Diamond Grinding

Interstate 195 Is a 40-mile highway that runs east to west from Rhode Island to Massachusetts. A portion of the highway, from Interstate 95 to the Valley Street exit, was generating high levels of tire/pavement noise. Recently reconstructed in 2010, the transversely tined concrete surface prompted several noise complaints from local residents. In an effort to reduce noise and improve ride quality, the Rhode Island Department of Transportation (RIDOT) chose conventional diamond grinding as the solution to improve the pavement surface characteristics.

The project involved grinding 77,178 square yards of pavement including ramps, mainline and bridge decks. RIDOT’s use of a noise reduction specification set this project apart from others. This was the first time in the U.S. that a diamond ground surface would be required to meet a noise target. The final diamond ground surface specifications were required to meet 102 dBA or less as measured by an On Board Sound Intensity (OBSI) device. “Grinding a surface to this type of specification was a challenge. All of our experience to this point was based on lab work and small test sections,” said Terry Kraemer, President, Diamond Surface, Inc. “Lessons were learned on the specific techniques required for this type of project, and we were able to meet or exceed the specifications on the majority of the work.”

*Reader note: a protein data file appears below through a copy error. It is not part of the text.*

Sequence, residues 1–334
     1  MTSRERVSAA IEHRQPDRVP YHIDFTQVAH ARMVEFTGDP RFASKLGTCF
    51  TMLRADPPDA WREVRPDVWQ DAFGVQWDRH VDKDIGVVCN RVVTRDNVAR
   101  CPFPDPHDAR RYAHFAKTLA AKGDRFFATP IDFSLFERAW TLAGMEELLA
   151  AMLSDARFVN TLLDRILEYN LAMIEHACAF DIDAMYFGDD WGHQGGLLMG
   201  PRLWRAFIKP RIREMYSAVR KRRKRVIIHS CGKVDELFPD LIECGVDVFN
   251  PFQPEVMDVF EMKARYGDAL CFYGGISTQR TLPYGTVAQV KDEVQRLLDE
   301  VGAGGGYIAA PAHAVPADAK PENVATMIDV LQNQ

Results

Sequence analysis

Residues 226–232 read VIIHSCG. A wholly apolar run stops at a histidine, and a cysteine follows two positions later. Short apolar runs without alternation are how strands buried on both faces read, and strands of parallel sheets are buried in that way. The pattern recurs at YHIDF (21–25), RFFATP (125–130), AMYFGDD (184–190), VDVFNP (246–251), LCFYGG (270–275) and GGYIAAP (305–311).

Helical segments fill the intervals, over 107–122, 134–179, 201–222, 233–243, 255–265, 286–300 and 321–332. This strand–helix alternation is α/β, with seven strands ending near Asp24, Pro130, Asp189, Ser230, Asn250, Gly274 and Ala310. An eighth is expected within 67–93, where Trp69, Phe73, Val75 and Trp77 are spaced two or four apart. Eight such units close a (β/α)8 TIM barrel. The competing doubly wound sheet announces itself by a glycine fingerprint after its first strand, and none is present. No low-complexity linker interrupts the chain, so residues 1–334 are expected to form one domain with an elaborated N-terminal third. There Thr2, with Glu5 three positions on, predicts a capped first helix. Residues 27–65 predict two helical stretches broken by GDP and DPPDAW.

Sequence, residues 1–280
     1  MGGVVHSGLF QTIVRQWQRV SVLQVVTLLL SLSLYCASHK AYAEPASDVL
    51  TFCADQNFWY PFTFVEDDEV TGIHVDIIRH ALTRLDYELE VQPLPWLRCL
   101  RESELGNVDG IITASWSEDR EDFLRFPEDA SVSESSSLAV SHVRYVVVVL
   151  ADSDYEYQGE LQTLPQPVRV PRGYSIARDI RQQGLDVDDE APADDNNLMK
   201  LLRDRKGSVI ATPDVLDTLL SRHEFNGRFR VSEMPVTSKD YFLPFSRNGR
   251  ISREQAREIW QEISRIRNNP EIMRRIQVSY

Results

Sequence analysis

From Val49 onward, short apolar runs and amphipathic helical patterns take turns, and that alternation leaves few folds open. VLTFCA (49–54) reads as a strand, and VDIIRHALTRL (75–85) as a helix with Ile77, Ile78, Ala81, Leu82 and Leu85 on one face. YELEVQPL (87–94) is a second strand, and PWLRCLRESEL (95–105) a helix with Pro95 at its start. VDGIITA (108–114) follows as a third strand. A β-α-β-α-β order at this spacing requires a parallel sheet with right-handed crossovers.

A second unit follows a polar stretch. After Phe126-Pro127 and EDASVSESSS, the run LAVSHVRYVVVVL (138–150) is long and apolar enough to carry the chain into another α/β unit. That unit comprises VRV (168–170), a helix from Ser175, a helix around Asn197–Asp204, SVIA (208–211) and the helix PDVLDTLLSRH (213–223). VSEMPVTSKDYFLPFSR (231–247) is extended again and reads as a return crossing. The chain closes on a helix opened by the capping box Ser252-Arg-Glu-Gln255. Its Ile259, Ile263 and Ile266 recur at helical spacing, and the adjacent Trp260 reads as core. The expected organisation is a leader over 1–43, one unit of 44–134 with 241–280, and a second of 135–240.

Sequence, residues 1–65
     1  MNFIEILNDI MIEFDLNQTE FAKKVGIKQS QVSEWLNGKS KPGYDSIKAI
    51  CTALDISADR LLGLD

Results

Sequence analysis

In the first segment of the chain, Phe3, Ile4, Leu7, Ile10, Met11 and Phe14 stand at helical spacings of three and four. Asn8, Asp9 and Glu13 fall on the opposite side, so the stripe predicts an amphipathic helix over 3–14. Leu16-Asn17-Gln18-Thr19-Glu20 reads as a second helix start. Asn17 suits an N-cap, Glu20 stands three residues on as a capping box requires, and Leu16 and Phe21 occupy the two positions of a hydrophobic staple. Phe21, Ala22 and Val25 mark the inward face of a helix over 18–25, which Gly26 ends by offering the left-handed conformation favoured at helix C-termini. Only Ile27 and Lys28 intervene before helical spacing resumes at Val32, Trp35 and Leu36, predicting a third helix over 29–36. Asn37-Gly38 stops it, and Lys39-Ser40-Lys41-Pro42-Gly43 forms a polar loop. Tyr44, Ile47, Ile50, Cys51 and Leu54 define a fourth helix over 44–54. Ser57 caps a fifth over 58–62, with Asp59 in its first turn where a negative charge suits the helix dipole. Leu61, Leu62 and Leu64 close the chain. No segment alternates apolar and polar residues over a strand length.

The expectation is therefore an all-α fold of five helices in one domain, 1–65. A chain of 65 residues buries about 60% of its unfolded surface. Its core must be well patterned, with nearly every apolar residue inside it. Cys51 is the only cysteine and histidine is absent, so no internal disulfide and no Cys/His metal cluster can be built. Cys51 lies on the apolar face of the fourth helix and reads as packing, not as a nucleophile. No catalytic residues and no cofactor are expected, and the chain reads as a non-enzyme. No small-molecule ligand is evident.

“The quality workmanship by the grinding machine operators has resulted in a noticeable reduction in tire/pavement noise as well as a smoother ride experience for the driver,” said Frank Corrao, Deputy Chief Engineer, RIDOT.

The total project value was approximately $776,000, with diamond grinding accounting for $414,100. Overall noise reduction was between 60 and 70 percent and the rideability of the bridges and pavement were improved. The taxpayers now have a quiet, smooth riding and safe section of pavement that is expected to last for 20 years. The project was completed in December 2012.

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